Way back in the D-A-Y, when there were no hybrid cars and phones had cords, I went to college. Like most college students I had no clue what I wanted to do with the rest of my life. So, choosing a major was hard. First I tried “communications” and then “broadcast production.” None of those really fit my hermitish personality. Since I loved to make up stories, anytime I needed to take an elective I ended up taking a creative writing class. So, I racked up quite a few English credits. One magical day, after having a sit-down with my advisor, I realized that if I took a Shakespeare, a Victorian literature, and a grammar class I could get out of school with a Bachelor’s degree in English. It seemed legit at the time, so I went with it.
Soon after graduating, I realized if I wanted to actually use my degree and I didn’t want to go to law school or teach middle or high school kids for the rest of my days, I would need a Master’s degree. So, off to grad school I went to get a Master’s in English. I figured, at least I could teach grown-ups then.
I never really fit in at grad school because for the most part I don’t give a shit. I mean, I don’t find a lot of things, like analyzing poetry or formatting a graduate essay, important. Plus, I get bored super easily, especially when I have to listen to lectures. No one talks more than English professors or kiss-ass grad students. So, it was really odd that I became an English instructor. I’m not officially a professor because I ONLY have a Master’s degree, not a PhD. I have no desire to go back to school at 43, um, I mean 28, to get a PhD. So, I will just remain an instructor until I finally keel over from some sort of cat or ice related injury. Even so, in some ways, I still fit the English major mold.
- I love to analyze movies and TV. My son shares this gift so watching movies with him is great. We have chatted at length about what the floating feather in Forrest Gump means. Clue: It’s not “just a feather” like my husband says.
- I’d rather read than do most things. I spent my first year in college at Florida State, a huge party school. I stayed in my room and read while others puked up their bad beverage choices.
- I like to write. I have always written for fun, or to figure out my feelings. Way back before the Internet existed, I blogged. I did it privately in this paper thing called a journal.
- I will smack you if you use they when talking about one person. This is my biggest grammar pet peeve. “That person left THEIR book here” is not correct, damn it. Say “he or she” if you aren’t sure of gender.
- I hate text abbreviations. Just spell out the words. You can even use speech to text on most phones now. There is no excuse for bad spelling. Well, unless we are talking about autocorrect. That is a big excuse.
Other than the above examples, I’m so not your typical bookworm. When my yuppie neighbors see me getting the mail in cat fur lined pajamas at noon, they probably assume I am a housewife. I doubt they think “college instructor.” Most of the time, I’m the most non-professorly English major ever. See, I just made up an incorrect word. I think I managed to irritate myself. Anyway, here are a few more ways I am very non-English major like:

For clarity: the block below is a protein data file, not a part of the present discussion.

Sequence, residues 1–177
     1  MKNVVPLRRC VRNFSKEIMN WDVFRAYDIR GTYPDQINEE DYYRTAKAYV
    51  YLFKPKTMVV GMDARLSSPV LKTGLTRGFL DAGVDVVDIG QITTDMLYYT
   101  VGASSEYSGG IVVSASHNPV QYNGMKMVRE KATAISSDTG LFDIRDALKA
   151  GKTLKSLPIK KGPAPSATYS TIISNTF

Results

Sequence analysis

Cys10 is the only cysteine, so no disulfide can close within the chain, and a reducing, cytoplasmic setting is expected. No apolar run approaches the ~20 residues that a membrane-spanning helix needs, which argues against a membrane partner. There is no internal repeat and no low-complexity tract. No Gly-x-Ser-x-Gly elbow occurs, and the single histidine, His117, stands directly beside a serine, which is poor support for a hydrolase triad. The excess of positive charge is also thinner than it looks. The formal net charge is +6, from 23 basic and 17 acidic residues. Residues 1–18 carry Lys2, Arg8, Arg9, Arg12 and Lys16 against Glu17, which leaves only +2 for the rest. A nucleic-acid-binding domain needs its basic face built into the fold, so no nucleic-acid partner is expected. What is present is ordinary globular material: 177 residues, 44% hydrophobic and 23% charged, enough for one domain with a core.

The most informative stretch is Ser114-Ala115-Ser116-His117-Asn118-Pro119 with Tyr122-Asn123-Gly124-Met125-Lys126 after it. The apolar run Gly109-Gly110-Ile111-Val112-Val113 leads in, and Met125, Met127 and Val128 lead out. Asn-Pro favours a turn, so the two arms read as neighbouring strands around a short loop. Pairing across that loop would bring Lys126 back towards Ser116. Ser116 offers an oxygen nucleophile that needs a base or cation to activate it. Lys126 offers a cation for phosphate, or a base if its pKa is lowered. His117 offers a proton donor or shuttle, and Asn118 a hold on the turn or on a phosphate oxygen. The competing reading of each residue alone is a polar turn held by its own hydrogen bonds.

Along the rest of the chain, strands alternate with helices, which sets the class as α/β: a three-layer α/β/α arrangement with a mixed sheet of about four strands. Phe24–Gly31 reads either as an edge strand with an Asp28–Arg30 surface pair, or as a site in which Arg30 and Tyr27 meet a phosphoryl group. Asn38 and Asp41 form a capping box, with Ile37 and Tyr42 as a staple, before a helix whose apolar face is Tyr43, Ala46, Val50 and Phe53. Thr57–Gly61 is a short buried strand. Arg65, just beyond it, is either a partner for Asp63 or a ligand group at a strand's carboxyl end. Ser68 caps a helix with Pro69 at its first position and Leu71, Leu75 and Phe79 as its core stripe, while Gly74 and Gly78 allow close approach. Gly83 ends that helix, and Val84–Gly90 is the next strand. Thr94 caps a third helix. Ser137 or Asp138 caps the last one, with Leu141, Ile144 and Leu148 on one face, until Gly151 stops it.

- I think formatting is the last thing we need to worry about. I don’t understand why there are so many styles. There’s APA, MLA, Chicago, and a bazillion more. Who cares? Have you written a paper? Have you given your sources credit? Is everything legible? I’m good then.
- I don’t speak pompous ass. In fact, I would like to smack new grad school graduates who show off their purchased vocabulary. They are the worst.
- I hate Shakespeare. In my humble opinion, he was a shitty writer. I am pretty sure my college writing professors would have told him his plots weren’t believable. Plus, he wrote in verse. Yawn.
- Poetry bores me. I have always hated poetry. Just write a normal story or essay and stop trying to be a bongo playing Bohemian.
- I read crap. I would rather read trashy rock star memoirs than anything called “literature.”
- I watch reality TV. My husband and I call it Train Wreck TV. We just can’t look away from shows like The Bachelor and Married at First Sight.
- I’m fluent in sarcasm and profanity. I don’t speak in grad school words. I will gladly talk about someone’s teaching methods, but if you use the word pedagogy I might tell you to stop speaking like a fucking robot.
- I fear conference presentations. Conferences are a part of academic life, and I hate that. I used to be a stand-up comic. If my audience isn’t laughing at me, I panic. Conference audiences don’t laugh at me even when I crack a joke because they are too busy squeezing their butt cheeks together and thinking of new ways to use pedagogy in a sentence.
- I’m the queen of homophone errors. Count on me to use their when I should have used there. Always. I’m not perfect just because I went to school longer than most people.
- I can’t explain grammar rules either. The English language has a lot of irregular rules. I still have to look things up. Einstein said, “Never memorize something that you can look up.” I try to follow that advice.
As you can see, I’m not really your stereotypical leather-elbowed tweed jacket-wearing, pipe smoking professor. I love my job because I help people be a little less afraid of writing, and because I can work in my jammies. Let’s face it; I really like the jammie part. What about you? What do you do for a living? Do you fit the mold for your job? Let me hear from you in the comments. I talk to cats all day and I need some human interaction.